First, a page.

Australian Grape & Wine Events Calendar

AWRI webinar: Riverland revitalisation

Date(s) - 20 Nov 2014
11:30 AM - 12:30 PM

The Australian Wine Research Institute


Contact Details

Email: [email protected]

Event Region(s)


“The customer is getting great value for money” was a statement made by prominent wine journalist Huon Hooke when he last visited the Riverland. This statement suggests that the perceived quality of wine made by many Riverland winemakers exceeded the price. Good news for the customer but maybe not all that good for the winemakers and growers!
The market today has powerful customers with clout. This clout has been used to erode winemaker and grower profitability. Strong competition has also seen customer expectations lift without gains returning to those growing and making wine. It seems all of the value invested into the production end of winemaking is being captured by the customer.
Why has this happened? It is easy to say that the imbalance in supply and demand has left many Riverland growers and winemakers with price as the only option to compete in a super-aggressive market. But it is more complex that that! Riverland grapegrowers grow grapes that are easily substituted. A grower’s offering can be substituted from other winegrowing regions in Australia and sometimes overseas. Substitutes can also come in the form of non-wine beverages. Switching costs are also low, meaning a grower has very little power to keep customers from moving to other growers (contracts once served as a strong switching cost, especially if a contract was breached). Rivalry is high! With an abundance of surplus grapes, growers will complete strongly for limited opportunities to sell their grapes. Unfortunately the only point of difference a grower has to trade to be competitive is price!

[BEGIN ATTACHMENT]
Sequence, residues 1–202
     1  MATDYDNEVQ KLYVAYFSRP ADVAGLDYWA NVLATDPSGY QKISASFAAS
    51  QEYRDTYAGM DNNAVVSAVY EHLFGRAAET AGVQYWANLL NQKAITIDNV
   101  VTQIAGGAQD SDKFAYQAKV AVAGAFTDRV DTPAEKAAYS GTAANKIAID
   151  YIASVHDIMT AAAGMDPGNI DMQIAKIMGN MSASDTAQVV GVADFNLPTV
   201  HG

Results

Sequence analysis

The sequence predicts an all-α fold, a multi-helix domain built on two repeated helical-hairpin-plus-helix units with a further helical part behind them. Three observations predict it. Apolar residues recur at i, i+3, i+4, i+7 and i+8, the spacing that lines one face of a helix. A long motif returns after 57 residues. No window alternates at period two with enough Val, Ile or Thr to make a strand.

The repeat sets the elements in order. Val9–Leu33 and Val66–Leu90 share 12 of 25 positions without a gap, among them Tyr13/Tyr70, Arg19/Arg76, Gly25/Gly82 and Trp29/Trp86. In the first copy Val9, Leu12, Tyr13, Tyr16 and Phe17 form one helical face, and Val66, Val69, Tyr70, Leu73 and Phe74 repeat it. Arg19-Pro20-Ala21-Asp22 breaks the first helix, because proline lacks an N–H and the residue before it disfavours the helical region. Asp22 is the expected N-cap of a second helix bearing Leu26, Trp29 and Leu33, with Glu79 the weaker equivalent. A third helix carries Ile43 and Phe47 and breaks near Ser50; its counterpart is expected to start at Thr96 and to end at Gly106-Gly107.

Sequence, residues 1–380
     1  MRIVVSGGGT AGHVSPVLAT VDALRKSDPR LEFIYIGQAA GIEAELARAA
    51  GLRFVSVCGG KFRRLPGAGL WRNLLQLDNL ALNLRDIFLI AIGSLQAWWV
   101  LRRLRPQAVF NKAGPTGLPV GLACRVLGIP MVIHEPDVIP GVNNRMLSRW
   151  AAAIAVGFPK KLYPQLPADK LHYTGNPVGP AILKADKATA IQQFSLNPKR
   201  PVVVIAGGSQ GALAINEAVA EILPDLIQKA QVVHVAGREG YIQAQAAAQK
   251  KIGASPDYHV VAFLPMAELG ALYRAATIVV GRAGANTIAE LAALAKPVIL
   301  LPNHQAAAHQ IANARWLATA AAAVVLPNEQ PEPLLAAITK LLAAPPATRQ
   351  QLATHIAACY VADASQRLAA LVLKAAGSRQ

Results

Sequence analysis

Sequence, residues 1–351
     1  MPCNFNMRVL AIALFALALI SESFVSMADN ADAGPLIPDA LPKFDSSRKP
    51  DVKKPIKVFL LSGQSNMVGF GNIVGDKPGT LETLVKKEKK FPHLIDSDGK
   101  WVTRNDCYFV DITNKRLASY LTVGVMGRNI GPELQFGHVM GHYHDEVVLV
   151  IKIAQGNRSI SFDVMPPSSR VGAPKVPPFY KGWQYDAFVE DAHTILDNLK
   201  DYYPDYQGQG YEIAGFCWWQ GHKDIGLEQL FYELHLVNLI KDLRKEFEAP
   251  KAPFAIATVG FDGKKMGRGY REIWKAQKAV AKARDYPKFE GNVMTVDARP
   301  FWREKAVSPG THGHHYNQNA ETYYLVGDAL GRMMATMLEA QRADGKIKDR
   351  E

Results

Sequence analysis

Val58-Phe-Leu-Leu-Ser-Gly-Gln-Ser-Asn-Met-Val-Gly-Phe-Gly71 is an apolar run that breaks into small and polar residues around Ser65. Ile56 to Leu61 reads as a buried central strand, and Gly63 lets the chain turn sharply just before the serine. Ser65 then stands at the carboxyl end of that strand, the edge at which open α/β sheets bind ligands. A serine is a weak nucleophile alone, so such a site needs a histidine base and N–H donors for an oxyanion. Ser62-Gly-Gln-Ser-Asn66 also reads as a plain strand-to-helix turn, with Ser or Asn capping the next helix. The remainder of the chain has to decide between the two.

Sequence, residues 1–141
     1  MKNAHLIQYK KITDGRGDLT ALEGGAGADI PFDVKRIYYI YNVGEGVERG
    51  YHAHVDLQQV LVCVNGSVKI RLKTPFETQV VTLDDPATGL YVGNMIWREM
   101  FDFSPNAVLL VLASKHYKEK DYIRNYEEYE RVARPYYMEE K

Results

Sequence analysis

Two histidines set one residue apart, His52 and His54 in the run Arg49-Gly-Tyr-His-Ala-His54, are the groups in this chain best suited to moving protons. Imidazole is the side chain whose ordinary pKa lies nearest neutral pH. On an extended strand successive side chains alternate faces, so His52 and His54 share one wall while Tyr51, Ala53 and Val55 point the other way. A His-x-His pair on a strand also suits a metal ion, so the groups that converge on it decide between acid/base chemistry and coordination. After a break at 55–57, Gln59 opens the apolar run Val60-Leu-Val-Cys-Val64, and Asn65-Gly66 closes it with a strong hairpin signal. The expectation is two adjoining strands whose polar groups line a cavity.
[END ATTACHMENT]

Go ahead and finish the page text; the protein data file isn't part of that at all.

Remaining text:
Understanding these complexities (based on Michael Porter’s Five Forces) allows wine businesses in the Riverland to find a competitive advantage that can develop into profitable operations. A competitive advantage needs to be built on value. There needs to be uniqueness about an established competitive advantage. Competing on the notions of being the best is foolhardy, but unfortunately this is what many competitive advantages are built around! Grow the best grapes, grow the cheapest grapes, have the best economies of scale by being the biggest….and so on! In the end everyone’s competitive advantage looks the same, and then competitive advantage no longer exists.
A number of Riverland wine businesses have identified unique propositions that provide an offering that the customer is willing to share the value. They have found a unique way to serve their customers profitably.

Ashley Ratcliffe (Yalumba Wines)